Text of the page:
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Robert SCHUMANN (1810-1856)
Symphony No 3 in E flat major, Op. 97 ‘Rhenish’ [34.40]
Symphony No.4 in D minor, Op.120 [29.13]
Overture ‘Manfred’, Op.115 [12.06]
Symphonie-Orchester des Bayerischen Rundfunks/Rafael Kubelik
rec. Herkules-Saal, Munich, 18-26 May, 1979, September 27-30, 1978
Presto CD
SONY SBK48270 [76.13]

This reissued CD is only available on demand from Presto Classical, and is essential listening for any lover of Schumann’s symphonies.

It is easy to forget how rare were performances of Schumann symphonies as the composer conceived them until the 1960s. There was a myth that gifted though he was, he could not orchestrate. Most public performances, and those not common, used Mahler’s reorchestration. The two conductors who did most to reveal the soundness of Schumann’s original thoughts were Rafael Kubelik and his friend Otto Klemperer. Each would produce recorded cycles, Klemperer’s between 1961 and 1970, Kubelik in 1964 with the Berlin Philharmonic for DGG, and then again a decade and a half later, with his own Bavarian Radio Orchestra.

The Bavarian recording is in so many ways superior to those with the Berlin Philharmonic, though the latter were fine indeed, and remained benchmarks for listeners for many years. Karajan’s Berlin Philharmonic was a most accomplished orchestra, renowned for its beauty of sound. This, for me, led to a sound a little too burnished, with everything well-blended. Schumann’s orchestration isn’t quite like that; it is quirky but colourful. With his own orchestra, Kubelik is able to capture much more of that, most notably in the woodwinds, here a little more forward and idiomatic. In general, tempi are a touch broader than in the 1964 recordings, but Kubelik’s performances were always lively, and there is no loss of tension. The Rhenish Symphony develops naturally – it feels right, unfolding superbly. The Fourth Symphony is perhaps the finest of the four, and requires a strong sense of architecture as well as real zest throughout.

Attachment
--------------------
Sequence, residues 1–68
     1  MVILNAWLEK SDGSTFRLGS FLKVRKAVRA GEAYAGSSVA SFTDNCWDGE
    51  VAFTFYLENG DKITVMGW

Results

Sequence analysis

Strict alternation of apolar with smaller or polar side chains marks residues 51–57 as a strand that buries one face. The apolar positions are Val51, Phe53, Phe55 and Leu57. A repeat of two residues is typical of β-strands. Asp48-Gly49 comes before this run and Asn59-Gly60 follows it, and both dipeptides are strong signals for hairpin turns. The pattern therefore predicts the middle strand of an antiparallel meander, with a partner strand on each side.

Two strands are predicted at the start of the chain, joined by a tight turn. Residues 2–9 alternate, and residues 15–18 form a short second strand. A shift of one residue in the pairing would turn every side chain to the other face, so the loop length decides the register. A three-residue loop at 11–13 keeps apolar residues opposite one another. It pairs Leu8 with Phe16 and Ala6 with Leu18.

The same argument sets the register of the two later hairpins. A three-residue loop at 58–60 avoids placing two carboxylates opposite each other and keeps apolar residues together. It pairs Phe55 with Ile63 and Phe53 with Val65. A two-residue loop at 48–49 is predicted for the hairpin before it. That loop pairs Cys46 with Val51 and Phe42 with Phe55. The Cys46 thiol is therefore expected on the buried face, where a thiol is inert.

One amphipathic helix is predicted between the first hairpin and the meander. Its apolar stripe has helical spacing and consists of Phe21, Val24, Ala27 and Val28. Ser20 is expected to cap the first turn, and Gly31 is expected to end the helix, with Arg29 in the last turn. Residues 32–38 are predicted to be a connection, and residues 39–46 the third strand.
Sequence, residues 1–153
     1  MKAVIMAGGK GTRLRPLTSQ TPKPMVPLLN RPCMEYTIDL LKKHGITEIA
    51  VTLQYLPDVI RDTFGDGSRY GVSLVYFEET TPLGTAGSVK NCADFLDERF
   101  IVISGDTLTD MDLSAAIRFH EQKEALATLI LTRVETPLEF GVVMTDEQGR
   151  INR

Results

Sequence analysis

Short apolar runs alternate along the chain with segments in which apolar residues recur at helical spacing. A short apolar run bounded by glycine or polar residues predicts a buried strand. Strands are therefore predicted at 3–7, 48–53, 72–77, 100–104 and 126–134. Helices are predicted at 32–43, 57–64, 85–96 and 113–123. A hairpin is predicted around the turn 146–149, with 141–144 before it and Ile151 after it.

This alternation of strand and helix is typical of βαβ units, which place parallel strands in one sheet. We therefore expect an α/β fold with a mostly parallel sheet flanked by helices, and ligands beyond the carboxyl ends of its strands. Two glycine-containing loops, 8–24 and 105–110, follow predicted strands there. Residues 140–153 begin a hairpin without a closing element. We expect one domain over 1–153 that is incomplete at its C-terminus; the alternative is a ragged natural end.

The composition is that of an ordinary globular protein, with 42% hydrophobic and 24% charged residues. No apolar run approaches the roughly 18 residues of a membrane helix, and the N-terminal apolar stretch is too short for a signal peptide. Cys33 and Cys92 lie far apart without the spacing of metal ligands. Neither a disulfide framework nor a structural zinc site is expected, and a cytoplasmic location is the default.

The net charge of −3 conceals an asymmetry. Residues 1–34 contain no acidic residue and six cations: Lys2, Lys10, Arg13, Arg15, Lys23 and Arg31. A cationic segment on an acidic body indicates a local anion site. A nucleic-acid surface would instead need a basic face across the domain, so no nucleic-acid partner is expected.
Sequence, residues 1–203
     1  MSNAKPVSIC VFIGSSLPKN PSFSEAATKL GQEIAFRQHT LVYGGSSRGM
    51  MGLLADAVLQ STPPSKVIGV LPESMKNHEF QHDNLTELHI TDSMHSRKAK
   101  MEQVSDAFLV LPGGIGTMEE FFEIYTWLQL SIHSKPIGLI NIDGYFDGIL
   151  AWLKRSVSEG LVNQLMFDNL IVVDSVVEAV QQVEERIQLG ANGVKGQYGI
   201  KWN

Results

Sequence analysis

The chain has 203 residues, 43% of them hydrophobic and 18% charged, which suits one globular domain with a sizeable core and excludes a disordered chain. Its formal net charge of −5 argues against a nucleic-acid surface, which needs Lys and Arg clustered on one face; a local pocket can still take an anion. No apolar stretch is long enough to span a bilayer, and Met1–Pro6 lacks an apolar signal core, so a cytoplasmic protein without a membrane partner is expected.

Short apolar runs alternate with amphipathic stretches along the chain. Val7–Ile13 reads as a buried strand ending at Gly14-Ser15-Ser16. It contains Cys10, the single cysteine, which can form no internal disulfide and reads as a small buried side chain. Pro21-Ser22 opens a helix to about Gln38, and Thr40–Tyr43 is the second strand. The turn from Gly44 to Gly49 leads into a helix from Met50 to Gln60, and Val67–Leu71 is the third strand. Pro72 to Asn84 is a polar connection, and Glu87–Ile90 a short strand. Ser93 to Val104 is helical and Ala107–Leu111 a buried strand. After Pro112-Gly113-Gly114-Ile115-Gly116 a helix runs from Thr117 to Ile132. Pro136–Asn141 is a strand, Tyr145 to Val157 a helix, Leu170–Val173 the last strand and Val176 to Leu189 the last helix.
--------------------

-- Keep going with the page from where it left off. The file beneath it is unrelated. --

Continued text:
Comparisons are very interesting in these works. Kubelik’s ‘Rhenish’ is superb, but in the Fourth Symphony, I would put Klemperer’s 1961 recording ahead of this one. Klemperer is swifter in the two middle movements, and the whole has the drive and fire of a performance that takes wink; and the lovely oboe melody in the second movement has a melancholy beauty I have never heard equalled. On the other hand, Klemperer’s later ‘Rhenish’, for all its incidental beauties, is unsuccessfully sluggish, except in the fourth movement. Of recent performances, John Eliot Gardner’s cycle on LSO Live, has much to commend it, and not only in superior sound. Generally noticeably swifter in tempo – very much so in the Fourth - and very exciting in parts, these performances capture all of the zest, but less of the poetry than Kubelik. A true lover of Schumann would want to hear, and love, both.

Michael Wilkinson

Previous review (original release): Rob Barnett

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